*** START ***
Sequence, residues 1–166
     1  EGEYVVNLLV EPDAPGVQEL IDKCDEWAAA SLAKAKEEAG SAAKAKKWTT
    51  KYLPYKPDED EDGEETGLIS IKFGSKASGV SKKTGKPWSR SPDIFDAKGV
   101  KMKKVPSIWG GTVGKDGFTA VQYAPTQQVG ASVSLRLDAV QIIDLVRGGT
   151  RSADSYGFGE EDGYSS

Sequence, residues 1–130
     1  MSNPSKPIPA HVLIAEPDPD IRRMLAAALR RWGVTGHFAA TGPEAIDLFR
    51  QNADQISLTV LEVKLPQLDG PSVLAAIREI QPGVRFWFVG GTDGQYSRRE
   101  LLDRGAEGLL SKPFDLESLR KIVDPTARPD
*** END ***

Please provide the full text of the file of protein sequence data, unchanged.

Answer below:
Sequence, residues 1–166
     1  EGEYVVNLLV EPDAPGVQEL IDKCDEWAAA SLAKAKEEAG SAAKAKKWTT
    51  KYLPYKPDED EDGEETGLIS IKFGSKASGV SKKTGKPWSR SPDIFDAKGV
   101  KMKKVPSIWG GTVGKDGFTA VQYAPTQQVG ASVSLRLDAV QIIDLVRGGT
   151  RSADSYGFGE EDGYSS

Sequence, residues 1–130
     1  MSNPSKPIPA HVLIAEPDPD IRRMLAAALR RWGVTGHFAA TGPEAIDLFR
    51  QNADQISLTV LEVKLPQLDG PSVLAAIREI QPGVRFWFVG GTDGQYSRRE
   101  LLDRGAEGLL SKPFDLESLR KIVDPTARPD